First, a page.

SERIES REVIEW – The Walking Dead franchise repositions one of its most popular characters, Daryl Dixon, in a solo outing that aims for emotional depth but often falls into the trap of derivative storytelling. Still, the new series makes strides in keeping the rotting Walking Dead universe fresh, even if it treads a well-trodden path.
Daryl Dixon, the brooding biker with a crossbow, has been a cornerstone of The Walking Dead universe since its inception. Played with rugged charm by Norman Reedus, Daryl has ventured through numerous story arcs, deaths and apocalyptic landscapes. Now, AMC aims to turn the spotlight solely on him in the latest spin-off, ‘The Walking Dead: Daryl Dixon’. While the new show offers moments that stand out in the sprawling universe, it can’t quite escape the shadow of its predecessor and the game-to-TV adaptation ‘The Last of Us’, from which it draws significant inspiration.
The fabric of the story
At its core, this new story is about protection and the rediscovery of humanity in a world bereft of it. Daryl is charged with protecting a special child, Laurent, played by newcomer Louis Puech Scigliuzzi, who is as much a mystery to himself as he is to the audience. His previous protector, a nun named Isabelle (Clémence Poésy), is as complex as Daryl and provides some of the show’s best moments. The core of the story revolves around their journey through a zombie-infested France, an environment as beautiful as it is deadly. This narrative expands the geographical scope of the series and adds new layers to the long-established Walking Dead mythos.
But the premise is not unique. Viewers will immediately draw parallels with The Last of Us, and at times the series does little to shake off the comparison. There’s an unmistakable sense of déjà vu as we watch Daryl, the reluctant hero, forge a relationship with Laurent while trying to protect him from a world gone mad. This new entry does enough to set itself apart, but comparisons to the critically acclaimed game and series are inevitable.
The depth of the characters
The strength of The Walking Dead: Daryl Dixon lies in its character-driven narrative. For too long, the wider Walking Dead universe seemed to prioritise empty spectacle over substantive storytelling. This new outing, however, aims to rectify that. It’s a refreshing shift that allows Reedus to fully explore the depths of Daryl’s character, something that was lacking in the later seasons of the original series.
Isabelle’s character also takes a similar journey. From mysterious nun to more fleshed out guardian with a dark past, she emerges as a compelling character. Her bond with Laurent, driven by a complex backstory, adds an emotional heft that elevates the series. New characters such as Sylvie (Laïka Blanc-Francard) and Lou (Kim Higelin), who appear during an encounter with survivors in an old preschool, inject fresh energy into the narrative. These younger characters offer a glimmer of hope and innocence that contrasts sharply with the otherwise bleak atmosphere.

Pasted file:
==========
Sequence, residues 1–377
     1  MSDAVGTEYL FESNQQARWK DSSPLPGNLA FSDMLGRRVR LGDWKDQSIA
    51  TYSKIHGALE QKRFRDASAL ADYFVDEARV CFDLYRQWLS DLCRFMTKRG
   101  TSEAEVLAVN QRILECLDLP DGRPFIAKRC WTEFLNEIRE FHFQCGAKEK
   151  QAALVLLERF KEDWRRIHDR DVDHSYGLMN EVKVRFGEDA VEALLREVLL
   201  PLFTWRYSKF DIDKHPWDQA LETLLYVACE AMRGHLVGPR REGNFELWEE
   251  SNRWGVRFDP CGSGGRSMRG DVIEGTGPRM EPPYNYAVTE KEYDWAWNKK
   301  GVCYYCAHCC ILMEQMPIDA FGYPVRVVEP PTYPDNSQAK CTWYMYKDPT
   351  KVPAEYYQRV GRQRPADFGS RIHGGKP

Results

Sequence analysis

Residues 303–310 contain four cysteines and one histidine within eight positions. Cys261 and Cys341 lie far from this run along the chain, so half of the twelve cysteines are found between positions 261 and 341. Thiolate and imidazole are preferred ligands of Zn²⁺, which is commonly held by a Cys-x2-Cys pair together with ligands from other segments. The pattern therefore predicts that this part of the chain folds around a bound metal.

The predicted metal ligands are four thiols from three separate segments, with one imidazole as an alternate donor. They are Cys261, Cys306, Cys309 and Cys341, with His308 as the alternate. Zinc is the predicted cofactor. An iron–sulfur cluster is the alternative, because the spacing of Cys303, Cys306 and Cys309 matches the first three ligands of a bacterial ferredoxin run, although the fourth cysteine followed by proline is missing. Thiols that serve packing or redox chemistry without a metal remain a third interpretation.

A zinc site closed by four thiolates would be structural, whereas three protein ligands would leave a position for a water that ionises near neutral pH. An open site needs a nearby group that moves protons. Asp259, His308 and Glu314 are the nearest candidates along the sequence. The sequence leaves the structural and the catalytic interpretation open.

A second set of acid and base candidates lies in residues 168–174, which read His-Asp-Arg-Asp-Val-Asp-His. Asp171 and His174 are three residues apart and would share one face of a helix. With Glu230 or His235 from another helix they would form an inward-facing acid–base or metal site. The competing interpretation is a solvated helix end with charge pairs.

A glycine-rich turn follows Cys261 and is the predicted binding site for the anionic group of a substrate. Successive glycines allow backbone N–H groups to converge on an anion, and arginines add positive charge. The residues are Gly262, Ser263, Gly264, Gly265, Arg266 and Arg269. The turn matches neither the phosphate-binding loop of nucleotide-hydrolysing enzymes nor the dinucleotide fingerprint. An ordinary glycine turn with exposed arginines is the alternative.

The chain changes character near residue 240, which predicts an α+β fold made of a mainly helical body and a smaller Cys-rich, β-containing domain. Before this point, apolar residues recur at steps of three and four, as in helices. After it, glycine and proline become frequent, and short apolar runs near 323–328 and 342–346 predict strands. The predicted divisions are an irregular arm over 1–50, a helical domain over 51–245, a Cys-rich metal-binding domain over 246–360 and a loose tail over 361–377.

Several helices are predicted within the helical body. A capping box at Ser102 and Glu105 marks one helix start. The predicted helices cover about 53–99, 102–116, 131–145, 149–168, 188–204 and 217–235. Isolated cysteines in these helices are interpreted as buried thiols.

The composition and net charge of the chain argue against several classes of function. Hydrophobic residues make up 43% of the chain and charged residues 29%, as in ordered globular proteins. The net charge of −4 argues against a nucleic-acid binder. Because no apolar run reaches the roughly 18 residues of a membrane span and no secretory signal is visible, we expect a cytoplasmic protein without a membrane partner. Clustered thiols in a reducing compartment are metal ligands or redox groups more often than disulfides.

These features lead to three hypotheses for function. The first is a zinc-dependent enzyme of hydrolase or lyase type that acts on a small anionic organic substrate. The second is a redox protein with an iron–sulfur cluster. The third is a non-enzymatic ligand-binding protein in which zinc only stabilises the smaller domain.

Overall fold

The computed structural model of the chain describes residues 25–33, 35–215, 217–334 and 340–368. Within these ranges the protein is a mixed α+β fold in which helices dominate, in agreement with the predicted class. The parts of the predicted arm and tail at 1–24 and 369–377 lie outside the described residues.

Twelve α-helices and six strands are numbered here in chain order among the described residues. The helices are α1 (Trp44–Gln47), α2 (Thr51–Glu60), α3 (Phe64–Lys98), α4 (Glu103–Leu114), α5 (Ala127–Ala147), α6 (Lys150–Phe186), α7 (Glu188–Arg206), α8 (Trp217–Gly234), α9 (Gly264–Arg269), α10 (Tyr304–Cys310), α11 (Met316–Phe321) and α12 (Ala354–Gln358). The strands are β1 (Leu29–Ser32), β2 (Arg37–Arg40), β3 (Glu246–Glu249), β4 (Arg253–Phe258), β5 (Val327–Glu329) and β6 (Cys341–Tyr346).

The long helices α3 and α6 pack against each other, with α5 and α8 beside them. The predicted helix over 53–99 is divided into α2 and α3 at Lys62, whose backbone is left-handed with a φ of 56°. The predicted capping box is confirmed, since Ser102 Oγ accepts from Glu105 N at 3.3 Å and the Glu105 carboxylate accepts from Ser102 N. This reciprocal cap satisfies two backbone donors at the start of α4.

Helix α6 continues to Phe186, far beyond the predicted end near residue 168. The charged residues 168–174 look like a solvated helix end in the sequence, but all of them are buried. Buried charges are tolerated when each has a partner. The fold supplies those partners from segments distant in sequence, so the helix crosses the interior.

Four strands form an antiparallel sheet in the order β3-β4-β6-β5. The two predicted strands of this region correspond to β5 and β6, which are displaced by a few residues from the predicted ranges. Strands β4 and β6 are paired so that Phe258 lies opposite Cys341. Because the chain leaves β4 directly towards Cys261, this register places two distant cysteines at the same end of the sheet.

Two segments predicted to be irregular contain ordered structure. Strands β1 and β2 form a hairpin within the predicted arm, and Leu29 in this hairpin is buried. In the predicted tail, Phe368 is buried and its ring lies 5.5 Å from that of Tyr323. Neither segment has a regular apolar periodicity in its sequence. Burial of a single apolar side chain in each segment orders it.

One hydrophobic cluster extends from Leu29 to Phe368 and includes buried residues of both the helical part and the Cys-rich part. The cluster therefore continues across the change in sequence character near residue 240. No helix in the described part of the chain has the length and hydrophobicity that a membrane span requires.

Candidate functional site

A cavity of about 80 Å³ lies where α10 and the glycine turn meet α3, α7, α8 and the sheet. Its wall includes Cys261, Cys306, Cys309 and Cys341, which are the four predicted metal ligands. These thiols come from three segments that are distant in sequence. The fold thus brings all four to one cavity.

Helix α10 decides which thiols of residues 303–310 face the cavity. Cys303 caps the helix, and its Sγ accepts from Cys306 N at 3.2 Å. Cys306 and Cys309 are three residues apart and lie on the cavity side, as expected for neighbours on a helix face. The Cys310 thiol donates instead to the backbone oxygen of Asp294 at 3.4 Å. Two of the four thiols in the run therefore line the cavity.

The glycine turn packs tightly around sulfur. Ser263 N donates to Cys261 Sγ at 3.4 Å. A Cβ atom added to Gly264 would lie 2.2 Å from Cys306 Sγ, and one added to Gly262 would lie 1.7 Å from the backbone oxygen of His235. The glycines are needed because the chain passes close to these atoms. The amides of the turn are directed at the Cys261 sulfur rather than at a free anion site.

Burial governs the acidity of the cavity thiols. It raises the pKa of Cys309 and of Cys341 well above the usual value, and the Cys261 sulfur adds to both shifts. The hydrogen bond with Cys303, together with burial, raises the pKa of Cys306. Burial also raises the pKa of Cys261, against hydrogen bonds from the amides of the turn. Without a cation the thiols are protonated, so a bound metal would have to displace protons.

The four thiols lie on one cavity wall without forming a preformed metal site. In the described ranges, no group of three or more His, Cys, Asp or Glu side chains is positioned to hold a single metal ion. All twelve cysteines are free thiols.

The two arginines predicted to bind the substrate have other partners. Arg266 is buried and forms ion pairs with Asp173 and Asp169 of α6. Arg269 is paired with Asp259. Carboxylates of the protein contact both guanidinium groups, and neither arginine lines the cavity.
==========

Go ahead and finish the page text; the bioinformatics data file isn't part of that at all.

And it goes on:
Walking the Line of Originality
Episode 1×02, entitled “Alouette”, goes above and beyond in bringing a uniquely French touch to the world of the zombie apocalypse. Set in Paris, the episode explores the backstory of Laurent, a character who seems to embody the cultural essence of the city. Here, viewers are presented with sophisticated storytelling that delves into deeper themes of existentialism and societal collapse. However, it’s hard to shake the feeling that this episode is in many ways reminiscent of The Last of Us.
What’s particularly intriguing is the way the episode portrays Laurent’s personal journey, showing his mother turning into a zombie while giving birth to him. This heartbreaking moment raises ethical and philosophical questions that are both disturbing and compelling. However, it’s not entirely original – it echoes certain story arcs from The Last of Us, such as Sarah’s tragic demise in the opening minutes. This raises concerns about whether the writers are truly innovating or simply iterating on a well-trodden path.
The Walking Dead franchise has always been about subverting clichés and putting new twists on established tropes. In ‘Daryl Dixon’, however, there seems to be an over-reliance on tried-and-tested narratives. This has resulted in a viewing experience that, while engaging, lacks a certain element of freshness. The familiarity of the story begs the question of creative freedom versus the safety of sticking to what has been proven to work.
The Last of The Walking Dead?
Despite these issues, The Walking Dead: Daryl Dixon is a solid new chapter in a franchise that has seen its fair share of ups and downs. It may not have the raw emotional power of games like ‘The Last of Us’, but it rekindles the spark that has kept fans hooked for years. Norman Reedus delivers a powerful performance that manages to carry the show on its own, while newcomers add much-needed vitality to a world that was starting to feel stagnant.
This episode may not redefine the zombie genre or shatter our expectations, but it does something just as important – it reacquaints us with the world and characters we’ve come to love. The show takes a step back to focus on character development rather than spectacular set pieces, and it feels like The Walking Dead is regaining its essence.
Daryl Dixon’ may not be the show that changes the game, but it certainly has the potential to remind fans why they became enamoured with The Walking Dead universe in the first place. This back-to-basics approach, with its emphasis on character arcs and nuanced storytelling, bodes well for the show’s future.